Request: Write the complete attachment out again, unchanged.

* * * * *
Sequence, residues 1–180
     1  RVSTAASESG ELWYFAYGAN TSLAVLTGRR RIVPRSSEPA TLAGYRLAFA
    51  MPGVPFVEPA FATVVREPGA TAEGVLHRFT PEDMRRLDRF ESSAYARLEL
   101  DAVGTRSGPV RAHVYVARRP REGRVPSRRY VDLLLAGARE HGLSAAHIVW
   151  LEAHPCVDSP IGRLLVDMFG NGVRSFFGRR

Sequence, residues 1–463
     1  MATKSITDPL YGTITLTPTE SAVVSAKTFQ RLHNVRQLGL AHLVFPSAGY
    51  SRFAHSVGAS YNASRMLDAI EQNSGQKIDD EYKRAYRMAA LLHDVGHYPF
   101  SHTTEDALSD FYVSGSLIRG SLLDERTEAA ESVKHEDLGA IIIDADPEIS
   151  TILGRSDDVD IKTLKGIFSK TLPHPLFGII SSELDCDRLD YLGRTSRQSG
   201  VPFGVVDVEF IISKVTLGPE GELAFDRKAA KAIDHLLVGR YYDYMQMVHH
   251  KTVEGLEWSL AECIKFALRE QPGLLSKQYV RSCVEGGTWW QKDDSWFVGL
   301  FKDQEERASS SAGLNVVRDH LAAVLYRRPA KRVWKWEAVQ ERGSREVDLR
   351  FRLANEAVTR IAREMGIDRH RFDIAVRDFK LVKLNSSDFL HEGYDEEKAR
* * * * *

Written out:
Sequence, residues 1–180
     1  RVSTAASESG ELWYFAYGAN TSLAVLTGRR RIVPRSSEPA TLAGYRLAFA
    51  MPGVPFVEPA FATVVREPGA TAEGVLHRFT PEDMRRLDRF ESSAYARLEL
   101  DAVGTRSGPV RAHVYVARRP REGRVPSRRY VDLLLAGARE HGLSAAHIVW
   151  LEAHPCVDSP IGRLLVDMFG NGVRSFFGRR

Sequence, residues 1–463
     1  MATKSITDPL YGTITLTPTE SAVVSAKTFQ RLHNVRQLGL AHLVFPSAGY
    51  SRFAHSVGAS YNASRMLDAI EQNSGQKIDD EYKRAYRMAA LLHDVGHYPF
   101  SHTTEDALSD FYVSGSLIRG SLLDERTEAA ESVKHEDLGA IIIDADPEIS
   151  TILGRSDDVD IKTLKGIFSK TLPHPLFGII SSELDCDRLD YLGRTSRQSG
   201  VPFGVVDVEF IISKVTLGPE GELAFDRKAA KAIDHLLVGR YYDYMQMVHH
   251  KTVEGLEWSL AECIKFALRE QPGLLSKQYV RSCVEGGTWW QKDDSWFVGL
   301  FKDQEERASS SAGLNVVRDH LAAVLYRRPA KRVWKWEAVQ ERGSREVDLR
   351  FRLANEAVTR IAREMGIDRH RFDIAVRDFK LVKLNSSDFL HEGYDEEKAR